03-18-15 Bird Field Note

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03-18-15 Bird Field Note

March 18, 2015

Kate Stone's bird field note describes tundra swans, winter shrubby draw surveys, and northern pygmy-owl tracking.

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Bird Field Note Kate Stone 03/13/15

Eagles throughout the Bitterroot Valley began incubating the last two weeks. Eagles occupy both of these nests.

Large groups of Tundra Swans make their way north. Most fly by unnoticed, unless they give a telltale honk.

Our draw surveys revealed a mixture of winter birds and spring arrivals. Compared to past months, bird numbers increased due to the large numbers of Common Redpolls in Sheep Camp. Springtime species included: American Robin, Western Meadowlark, Spotted Towhee, Say’s Phoebe, and Dark-eyed Junco.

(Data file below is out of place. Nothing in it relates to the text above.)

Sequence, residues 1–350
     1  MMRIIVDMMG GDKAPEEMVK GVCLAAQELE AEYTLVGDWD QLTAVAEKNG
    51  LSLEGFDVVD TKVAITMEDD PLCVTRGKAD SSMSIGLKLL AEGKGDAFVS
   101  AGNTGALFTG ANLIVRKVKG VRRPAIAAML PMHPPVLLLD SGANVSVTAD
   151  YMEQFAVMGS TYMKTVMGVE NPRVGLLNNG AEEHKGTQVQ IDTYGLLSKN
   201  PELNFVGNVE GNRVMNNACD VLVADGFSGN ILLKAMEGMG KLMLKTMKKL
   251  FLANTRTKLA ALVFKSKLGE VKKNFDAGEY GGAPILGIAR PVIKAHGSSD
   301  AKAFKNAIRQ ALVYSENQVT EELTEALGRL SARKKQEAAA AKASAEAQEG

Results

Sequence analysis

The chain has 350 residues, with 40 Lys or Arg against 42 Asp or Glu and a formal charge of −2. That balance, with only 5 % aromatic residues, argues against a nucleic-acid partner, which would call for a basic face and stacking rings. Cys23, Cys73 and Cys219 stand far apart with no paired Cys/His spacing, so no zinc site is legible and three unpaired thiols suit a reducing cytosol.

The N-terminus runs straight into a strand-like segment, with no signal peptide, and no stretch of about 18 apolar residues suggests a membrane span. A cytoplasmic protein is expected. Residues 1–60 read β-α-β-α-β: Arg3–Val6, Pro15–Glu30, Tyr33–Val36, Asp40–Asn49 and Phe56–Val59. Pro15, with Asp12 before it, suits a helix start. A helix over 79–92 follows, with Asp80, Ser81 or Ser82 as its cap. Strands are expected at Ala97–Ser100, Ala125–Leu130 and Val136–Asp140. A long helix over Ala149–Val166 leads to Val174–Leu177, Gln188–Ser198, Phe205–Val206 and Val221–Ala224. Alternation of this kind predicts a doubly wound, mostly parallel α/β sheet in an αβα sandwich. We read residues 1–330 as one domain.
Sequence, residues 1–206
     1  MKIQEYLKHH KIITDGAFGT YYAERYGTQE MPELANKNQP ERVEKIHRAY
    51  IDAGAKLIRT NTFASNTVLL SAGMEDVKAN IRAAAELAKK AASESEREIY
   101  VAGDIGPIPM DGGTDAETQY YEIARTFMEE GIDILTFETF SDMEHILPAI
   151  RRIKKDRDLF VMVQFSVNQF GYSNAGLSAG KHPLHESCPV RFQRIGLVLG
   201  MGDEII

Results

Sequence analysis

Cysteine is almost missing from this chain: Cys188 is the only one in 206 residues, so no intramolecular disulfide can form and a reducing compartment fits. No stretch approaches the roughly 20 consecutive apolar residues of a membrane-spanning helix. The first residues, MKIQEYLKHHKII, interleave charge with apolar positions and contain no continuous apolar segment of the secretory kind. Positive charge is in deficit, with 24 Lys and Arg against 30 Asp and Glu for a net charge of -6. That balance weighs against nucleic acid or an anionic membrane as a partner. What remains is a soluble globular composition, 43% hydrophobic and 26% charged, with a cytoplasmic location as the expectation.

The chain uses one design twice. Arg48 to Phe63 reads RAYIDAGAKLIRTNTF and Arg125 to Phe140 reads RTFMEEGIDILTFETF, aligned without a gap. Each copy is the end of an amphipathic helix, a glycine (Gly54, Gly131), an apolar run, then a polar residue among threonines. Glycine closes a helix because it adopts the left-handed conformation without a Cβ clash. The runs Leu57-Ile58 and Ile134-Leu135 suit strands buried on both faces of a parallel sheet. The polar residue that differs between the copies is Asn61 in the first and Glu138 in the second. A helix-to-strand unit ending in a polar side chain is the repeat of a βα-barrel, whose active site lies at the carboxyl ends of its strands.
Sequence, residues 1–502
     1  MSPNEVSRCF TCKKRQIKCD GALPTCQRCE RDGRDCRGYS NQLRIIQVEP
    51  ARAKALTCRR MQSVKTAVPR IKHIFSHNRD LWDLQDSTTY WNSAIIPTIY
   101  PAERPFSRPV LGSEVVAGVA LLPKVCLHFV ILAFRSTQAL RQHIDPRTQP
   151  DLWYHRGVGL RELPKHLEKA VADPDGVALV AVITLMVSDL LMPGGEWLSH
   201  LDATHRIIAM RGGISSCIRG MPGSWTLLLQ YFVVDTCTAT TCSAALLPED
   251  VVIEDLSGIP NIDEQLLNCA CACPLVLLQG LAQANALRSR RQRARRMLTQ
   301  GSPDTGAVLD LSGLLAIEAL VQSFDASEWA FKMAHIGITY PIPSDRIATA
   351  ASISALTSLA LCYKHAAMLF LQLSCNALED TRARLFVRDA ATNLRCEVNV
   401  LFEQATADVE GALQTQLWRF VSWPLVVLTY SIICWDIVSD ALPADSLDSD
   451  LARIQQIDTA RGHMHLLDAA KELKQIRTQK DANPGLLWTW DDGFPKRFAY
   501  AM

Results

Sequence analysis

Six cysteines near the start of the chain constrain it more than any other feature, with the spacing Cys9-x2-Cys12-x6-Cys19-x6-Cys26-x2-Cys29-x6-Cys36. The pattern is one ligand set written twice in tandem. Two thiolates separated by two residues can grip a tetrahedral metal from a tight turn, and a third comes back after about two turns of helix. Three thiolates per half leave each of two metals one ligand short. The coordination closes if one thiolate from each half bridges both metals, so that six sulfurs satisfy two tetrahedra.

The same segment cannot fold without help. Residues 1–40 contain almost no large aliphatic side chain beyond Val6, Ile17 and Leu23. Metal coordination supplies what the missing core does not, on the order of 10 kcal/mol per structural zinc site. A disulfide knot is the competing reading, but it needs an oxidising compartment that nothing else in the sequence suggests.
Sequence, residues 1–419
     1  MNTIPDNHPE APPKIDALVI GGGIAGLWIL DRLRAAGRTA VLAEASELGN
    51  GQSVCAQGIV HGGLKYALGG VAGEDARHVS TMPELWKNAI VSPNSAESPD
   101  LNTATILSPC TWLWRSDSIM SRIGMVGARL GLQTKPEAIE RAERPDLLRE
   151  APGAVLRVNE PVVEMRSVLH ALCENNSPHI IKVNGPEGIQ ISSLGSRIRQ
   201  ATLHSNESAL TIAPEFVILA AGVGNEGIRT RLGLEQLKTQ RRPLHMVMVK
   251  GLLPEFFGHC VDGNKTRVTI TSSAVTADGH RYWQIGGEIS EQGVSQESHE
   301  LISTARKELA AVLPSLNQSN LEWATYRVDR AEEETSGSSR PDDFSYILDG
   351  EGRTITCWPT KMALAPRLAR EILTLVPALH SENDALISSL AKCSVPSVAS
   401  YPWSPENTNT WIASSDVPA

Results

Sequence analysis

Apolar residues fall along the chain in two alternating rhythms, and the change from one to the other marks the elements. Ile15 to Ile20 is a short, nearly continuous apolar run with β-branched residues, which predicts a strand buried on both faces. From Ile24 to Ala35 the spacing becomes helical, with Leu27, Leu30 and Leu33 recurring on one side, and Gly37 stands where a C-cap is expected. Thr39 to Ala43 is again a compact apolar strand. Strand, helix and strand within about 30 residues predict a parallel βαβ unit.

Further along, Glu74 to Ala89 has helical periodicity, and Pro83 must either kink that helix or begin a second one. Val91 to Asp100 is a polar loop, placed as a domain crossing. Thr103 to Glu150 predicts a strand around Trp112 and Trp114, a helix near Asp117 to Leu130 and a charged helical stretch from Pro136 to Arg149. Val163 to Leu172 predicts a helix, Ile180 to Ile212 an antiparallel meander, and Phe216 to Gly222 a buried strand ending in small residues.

A Clark’s Nutcracker took several visits to the Sheep Camp stock tank. A pair nests in the young ponderosa pines on the hills above the spring.

We saw an increase in ungulate numbers at low elevations. Several hundred elk grazed on the hill above Sheep Camp.

Mule deer browsed as we moved past them during our surveys. Most nibbled on emerging cheatgrass and bitterbrush, but a few occupied the draws, eating other deciduous shrubs.

A month’s worth of tracking revealed the general territory of the West Baldy pygmy-owl. Most daytime observations occurred within a small area, where the owl perched in Douglasfirs to eat voles. William twice saw the owl interacting and vocalizing with a presumed female. He found a promising cavity-filled snag nearby.

The pygmy-owl pair vocalized on the same tree branch.

The male took a nap while eating a vole.

Even with a telemetry signal, we sometimes had a hard time locating the owl. It used both open and dense vegetation.

In general, we located the pygmy-owl more easily than the Northern Saw-whet Owls.


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